Telos wins Army wireless security award
- By Patience Wait
- Feb 06, 2007
Telos Corp. of Ashburn, Va., has been awarded a contract from the Army's Installation Information Infrastructure Modernization Program, or I3MP, to install wireless intrusion detection and prevention systems at 20 sites throughout North America. The award was made Jan. 26 and is worth in excess of $1 million, company officials said.
Under the terms of the agreement, Telos will deliver more than 1,500 sensors provided by Atlanta-based AirDefense Inc. to the Army sites. The work includes conducting site surveys and project reports for each location, as well as installation, testing and onsite training. The AirDefense sensors protect the Army's local area networks as well as wireless networks from unauthorized access.
The award expands work the Army already has undertaken to install wireless intrusion and detection systems at 16 other sites in the continental United States, following the June 2006 issuance of a Defense Department supplemental policy on wireless security that called for constant monitoring for wireless breaches.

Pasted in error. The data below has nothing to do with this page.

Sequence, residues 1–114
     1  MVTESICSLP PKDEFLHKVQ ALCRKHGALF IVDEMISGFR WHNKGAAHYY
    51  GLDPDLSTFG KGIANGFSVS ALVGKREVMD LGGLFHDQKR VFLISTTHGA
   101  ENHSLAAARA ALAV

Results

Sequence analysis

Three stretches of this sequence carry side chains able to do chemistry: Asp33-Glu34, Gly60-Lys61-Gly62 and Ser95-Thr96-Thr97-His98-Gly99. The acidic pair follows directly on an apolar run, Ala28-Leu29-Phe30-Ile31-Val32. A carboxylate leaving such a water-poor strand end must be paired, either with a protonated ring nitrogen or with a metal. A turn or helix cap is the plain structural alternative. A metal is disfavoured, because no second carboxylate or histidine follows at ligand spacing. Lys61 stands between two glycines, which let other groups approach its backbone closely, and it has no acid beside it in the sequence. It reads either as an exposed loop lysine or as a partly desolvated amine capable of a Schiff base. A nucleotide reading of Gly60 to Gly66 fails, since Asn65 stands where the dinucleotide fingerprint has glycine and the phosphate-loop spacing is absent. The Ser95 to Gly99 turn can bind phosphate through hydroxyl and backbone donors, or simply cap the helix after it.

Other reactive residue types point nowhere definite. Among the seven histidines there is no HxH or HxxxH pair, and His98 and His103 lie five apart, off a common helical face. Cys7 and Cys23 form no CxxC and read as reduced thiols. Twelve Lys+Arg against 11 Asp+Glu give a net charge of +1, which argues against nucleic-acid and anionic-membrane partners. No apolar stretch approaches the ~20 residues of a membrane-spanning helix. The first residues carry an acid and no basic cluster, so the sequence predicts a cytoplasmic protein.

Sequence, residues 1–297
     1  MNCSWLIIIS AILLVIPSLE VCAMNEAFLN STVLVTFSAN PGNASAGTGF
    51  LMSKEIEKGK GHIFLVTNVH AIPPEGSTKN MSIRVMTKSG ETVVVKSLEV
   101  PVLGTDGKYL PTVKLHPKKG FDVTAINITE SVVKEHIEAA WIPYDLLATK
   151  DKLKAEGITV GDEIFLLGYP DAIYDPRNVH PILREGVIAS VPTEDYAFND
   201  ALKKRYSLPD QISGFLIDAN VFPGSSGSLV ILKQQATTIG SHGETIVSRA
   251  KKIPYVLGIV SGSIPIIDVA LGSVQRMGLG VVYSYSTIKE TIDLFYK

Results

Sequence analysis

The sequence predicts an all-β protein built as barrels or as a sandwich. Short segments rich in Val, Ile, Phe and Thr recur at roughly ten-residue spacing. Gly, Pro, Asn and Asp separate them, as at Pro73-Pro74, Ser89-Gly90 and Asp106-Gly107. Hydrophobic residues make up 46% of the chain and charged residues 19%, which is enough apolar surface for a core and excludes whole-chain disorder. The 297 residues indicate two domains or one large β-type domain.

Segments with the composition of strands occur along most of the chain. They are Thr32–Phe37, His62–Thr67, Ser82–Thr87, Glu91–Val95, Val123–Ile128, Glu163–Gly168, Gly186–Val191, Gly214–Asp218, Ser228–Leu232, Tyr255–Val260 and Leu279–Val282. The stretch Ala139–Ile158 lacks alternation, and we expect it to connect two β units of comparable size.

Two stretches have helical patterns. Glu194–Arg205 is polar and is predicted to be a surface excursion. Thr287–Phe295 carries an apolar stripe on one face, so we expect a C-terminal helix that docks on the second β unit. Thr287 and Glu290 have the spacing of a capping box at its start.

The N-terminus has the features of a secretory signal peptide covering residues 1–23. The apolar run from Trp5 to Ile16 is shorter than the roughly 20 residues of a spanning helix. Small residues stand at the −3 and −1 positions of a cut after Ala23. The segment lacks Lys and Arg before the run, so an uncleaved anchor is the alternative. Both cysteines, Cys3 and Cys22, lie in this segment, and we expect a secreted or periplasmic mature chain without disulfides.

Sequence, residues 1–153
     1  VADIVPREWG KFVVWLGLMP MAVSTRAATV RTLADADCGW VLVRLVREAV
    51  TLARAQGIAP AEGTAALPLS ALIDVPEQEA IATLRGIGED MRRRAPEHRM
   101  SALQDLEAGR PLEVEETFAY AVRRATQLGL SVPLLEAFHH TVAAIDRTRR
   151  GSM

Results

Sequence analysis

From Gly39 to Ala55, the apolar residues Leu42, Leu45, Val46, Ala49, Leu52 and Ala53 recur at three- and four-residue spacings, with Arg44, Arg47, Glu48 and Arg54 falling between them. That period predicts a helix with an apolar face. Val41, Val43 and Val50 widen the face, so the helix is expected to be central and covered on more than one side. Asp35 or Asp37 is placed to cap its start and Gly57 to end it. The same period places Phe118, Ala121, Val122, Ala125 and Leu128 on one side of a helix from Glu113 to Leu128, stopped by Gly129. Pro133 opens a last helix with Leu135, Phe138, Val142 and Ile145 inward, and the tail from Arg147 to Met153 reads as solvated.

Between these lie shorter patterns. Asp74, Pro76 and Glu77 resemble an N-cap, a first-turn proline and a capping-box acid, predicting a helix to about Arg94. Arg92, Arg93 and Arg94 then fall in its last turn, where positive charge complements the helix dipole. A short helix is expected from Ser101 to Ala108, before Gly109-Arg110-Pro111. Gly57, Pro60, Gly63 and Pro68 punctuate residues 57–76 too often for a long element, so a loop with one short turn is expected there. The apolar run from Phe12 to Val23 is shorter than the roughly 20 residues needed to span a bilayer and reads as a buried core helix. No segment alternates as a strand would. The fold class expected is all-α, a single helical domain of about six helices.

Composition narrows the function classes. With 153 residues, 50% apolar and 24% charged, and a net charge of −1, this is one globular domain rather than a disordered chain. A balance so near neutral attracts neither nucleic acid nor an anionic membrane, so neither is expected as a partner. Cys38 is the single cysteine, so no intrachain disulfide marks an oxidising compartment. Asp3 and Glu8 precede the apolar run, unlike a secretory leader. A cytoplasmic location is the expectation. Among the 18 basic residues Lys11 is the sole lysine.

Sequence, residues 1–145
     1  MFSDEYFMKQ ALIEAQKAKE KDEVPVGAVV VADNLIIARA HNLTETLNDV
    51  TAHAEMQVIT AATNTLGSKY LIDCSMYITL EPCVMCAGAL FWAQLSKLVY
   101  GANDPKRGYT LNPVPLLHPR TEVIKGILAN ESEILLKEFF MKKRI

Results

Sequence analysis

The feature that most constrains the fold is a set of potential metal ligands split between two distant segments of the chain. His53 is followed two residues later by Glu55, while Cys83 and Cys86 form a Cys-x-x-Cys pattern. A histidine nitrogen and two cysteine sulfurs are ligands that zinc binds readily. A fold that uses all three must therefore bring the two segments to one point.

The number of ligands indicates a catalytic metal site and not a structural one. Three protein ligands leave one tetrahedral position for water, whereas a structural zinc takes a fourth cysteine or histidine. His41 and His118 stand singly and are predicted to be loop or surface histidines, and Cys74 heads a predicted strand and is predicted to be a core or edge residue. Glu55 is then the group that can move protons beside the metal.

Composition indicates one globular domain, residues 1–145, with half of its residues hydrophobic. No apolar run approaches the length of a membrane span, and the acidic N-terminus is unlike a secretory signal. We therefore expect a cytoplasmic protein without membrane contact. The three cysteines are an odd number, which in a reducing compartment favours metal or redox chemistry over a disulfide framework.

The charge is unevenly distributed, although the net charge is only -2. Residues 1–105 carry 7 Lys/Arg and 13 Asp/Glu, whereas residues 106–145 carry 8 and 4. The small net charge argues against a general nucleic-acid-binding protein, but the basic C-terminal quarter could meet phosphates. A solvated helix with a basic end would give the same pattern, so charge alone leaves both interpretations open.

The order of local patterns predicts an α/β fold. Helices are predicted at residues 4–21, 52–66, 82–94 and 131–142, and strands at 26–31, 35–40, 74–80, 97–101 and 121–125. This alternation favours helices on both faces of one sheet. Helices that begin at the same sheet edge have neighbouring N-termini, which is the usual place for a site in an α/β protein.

The AirDefense security system is a distributed wireless LAN monitoring system that provides comprehensive detection of all wireless threats and intrusions by monitoring the airwaves and detecting all 802.11 wireless LAN devices and traffic. The sensors can identify the presence of unauthorized wireless devices and can determine if they pose a threat such as connecting to a wired network, opening a path that a hacker could exploit to gain access behind network firewalls, said Kevin McCaffrey, director of federal programs for AirDefense.
The system "will continuously scan the airwaves to determine policy compliance, detect misconfigurations, and even provide operational support and performance monitoring," McCaffrey said. "In the event that a security event occurs, the system can be used to perform forensic analysis to determine the nature and extent of the incident," identifying when the connection occurred, how long it lasted and how much data was transferred out, for instance.Patience Wait is a staff writer for
Washington Technology's affiliate publication, Government Computer News